"Sandra's Blues" is my favorite on this CD. Music can tell stories, and communicate emotions, like no words can even come close to, but I'll try. Sandra is in that deep blue funk which only time can heal. There is nothing anyone can do about the series of tragic events that put her in this state of mind, but "Bean" and the boys are doing their best to tell her story, and soothe Sandra's aching heart with their music. We get to listen to "Sandra's Blues".
One I should have put in my earlier list is the Charlie Byrd Quintet "Du Hot Club De Concord" from 1995 on the Concord label. I just listened to it for the first time in ages. I had forgotten what a terrific CD this is. It's going back on my frequent play list! With a decided Latin flavor, the tunes are mostly reinterpreted standards, but there are also a few Charlie Byrd originals which are exceptional compositions in and of themselves. The five musicians are Charlie Byrd - guitar, Johnny Frigo - violin, Hendrik Meurkens - harmonica, Frank Vignola - rhythm guitar, and Michael Moore - bass. I've never been a harmonica fan, but I have to say the harmonica on this CD is a revelation. Also, the sonic quality of the recordings is top drawer.
Ornette on sax, the master Don Cherry on trumpet, Charlie Haden on bass, and Billy Higgins on the drums.
I say, there is no single way to play Jazz. Some of the comments made about my music make me realize though that modern jazz, once so daring and revolutionary, has become in many respects, a rather settled and conventional thing. The members of my group and I are attempting a breakthrough to a new, freer conception of jazz, one that departs from all that is "standard" and cliche' in modern jazz.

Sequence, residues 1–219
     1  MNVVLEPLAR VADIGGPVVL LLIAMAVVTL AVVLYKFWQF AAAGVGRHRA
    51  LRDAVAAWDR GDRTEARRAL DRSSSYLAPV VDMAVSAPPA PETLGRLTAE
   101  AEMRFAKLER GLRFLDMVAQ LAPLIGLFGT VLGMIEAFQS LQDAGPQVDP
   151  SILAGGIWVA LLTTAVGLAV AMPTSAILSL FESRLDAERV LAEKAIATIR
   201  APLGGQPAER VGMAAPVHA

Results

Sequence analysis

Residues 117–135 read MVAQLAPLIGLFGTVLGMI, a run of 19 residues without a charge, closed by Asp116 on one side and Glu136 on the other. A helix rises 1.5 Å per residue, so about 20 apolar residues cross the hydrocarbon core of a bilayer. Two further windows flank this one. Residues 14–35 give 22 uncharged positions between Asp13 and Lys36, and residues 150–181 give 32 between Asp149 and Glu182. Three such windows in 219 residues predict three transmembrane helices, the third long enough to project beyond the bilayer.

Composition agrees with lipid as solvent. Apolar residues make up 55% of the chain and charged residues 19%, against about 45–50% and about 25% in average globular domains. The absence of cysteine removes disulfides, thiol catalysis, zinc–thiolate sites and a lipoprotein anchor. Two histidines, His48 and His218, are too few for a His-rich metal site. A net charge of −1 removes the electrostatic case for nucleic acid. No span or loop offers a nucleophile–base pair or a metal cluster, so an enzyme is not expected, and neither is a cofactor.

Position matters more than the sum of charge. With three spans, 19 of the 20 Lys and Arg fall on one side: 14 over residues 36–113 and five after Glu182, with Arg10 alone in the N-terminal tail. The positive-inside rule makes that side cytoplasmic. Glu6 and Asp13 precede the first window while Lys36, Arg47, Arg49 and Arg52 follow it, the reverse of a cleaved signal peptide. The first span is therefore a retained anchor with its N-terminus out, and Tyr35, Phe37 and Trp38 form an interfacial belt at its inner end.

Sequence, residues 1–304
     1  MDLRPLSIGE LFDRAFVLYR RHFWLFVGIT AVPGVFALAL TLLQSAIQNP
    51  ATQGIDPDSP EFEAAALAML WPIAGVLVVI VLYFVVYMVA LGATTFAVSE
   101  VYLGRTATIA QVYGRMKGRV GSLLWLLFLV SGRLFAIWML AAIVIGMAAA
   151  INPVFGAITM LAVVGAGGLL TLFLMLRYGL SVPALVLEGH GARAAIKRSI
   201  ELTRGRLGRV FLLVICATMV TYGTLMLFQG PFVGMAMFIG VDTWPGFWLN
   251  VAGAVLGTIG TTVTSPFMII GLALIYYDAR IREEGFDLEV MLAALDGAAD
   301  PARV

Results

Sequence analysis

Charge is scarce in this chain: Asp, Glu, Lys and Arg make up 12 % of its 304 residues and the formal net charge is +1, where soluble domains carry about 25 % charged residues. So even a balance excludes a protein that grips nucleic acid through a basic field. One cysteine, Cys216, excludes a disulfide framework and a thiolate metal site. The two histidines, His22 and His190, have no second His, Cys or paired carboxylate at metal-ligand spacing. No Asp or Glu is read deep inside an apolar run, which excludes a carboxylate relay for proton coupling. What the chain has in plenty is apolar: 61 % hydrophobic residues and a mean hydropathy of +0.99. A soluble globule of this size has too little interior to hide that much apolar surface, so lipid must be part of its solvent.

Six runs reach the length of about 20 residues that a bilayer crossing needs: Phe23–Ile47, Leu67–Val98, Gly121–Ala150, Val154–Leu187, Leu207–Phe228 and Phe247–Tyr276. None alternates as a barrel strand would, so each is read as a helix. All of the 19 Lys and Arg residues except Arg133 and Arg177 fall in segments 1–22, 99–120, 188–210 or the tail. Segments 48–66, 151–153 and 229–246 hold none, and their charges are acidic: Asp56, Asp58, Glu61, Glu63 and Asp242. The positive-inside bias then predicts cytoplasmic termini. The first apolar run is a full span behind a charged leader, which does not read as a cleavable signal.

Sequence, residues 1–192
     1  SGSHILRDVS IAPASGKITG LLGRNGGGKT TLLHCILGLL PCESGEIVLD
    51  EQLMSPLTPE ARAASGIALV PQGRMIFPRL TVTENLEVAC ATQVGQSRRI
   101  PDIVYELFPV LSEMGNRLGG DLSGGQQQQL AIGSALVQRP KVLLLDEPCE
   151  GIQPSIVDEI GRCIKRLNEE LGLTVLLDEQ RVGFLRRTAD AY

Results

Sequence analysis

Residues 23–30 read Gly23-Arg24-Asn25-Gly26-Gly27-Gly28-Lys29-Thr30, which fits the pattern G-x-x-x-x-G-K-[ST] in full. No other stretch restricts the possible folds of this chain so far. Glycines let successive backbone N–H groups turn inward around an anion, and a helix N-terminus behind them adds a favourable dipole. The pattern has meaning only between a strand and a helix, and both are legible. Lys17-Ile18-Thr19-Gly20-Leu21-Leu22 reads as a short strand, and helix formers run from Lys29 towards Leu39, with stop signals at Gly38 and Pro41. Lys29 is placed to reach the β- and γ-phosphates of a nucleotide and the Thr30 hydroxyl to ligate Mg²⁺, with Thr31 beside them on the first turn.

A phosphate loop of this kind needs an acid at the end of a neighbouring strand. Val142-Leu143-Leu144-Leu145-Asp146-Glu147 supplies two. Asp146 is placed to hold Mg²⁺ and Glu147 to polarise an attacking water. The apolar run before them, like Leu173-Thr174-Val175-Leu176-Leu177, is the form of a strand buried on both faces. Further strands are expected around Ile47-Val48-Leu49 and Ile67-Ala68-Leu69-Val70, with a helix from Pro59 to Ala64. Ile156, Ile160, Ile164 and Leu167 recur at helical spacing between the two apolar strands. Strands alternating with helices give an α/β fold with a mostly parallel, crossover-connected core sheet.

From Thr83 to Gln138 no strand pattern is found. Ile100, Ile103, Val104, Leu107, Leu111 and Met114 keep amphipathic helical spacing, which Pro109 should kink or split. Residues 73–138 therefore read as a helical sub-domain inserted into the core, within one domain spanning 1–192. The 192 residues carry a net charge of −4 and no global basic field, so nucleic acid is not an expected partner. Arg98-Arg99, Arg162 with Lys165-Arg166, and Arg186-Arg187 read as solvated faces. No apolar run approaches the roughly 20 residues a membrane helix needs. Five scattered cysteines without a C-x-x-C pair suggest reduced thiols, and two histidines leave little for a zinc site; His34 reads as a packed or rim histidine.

Ain't Misbehavin' Original Broadway Cast Recording The Music of Thomas 'Fats' Waller
Wonderful and Funny. The singers and the band are almost as one. very tight! Waller is one of the most prolific Jazz composers ever. You may be surprised at some of his songs. Also a great Pianist. He was very funny, so I don't think he is taken 'serious' today. What with all the 'cerebral' stuff out there now. This stage performance was not video taped, so no DVD. That is criminal. 2CD set. Nell Carter leads a great cast.
Roland Kirk -- Domino Surprisingly (to me), very good. Not only can he play several instruments, but plays them very well and all at the same time. '3-in-1 without the oil' is just great. Herbie Hancock, Andrew Hill, Wynton kelly and Roy Haynes provide support. Great feel-good music. I will have to get some more Kirk.
Lambert, Hendricks & Ross -- Sing A Song of Basie
Precursors of groups like Manhattan Transfer, but a little more Jazzy. Backed here by the Basie Band Rhythm section. When it comes to Jazz singers, the backing group is EVERTHING.
'Everyday' and 'Cloudburst' are the highlights. 'Going to Chicago' is not included. :( Nice light fare.
An interesting photo inside the CD case. LH&R gathered around what looks like a kid's toy record player, listening to music on LP. Critical listening. I feel better about my YORX now.
Agree on all points on Mr. Kirk. Adventurous, but always musical and grounded in gospel and blues. Watch out though. It starts with a little Rahsaan, and next thing you know, your listening to Anthony Braxton and your hooked.
Rokid2, I have seen that recording of Fats Waller, but had a Hank Jones recording called " Ain't Misbehavin " which, I would highly recommend , and past on it. I will go ahead and get it next time I see it. Doesn't Hank Jones play on that original Broadway cast recording?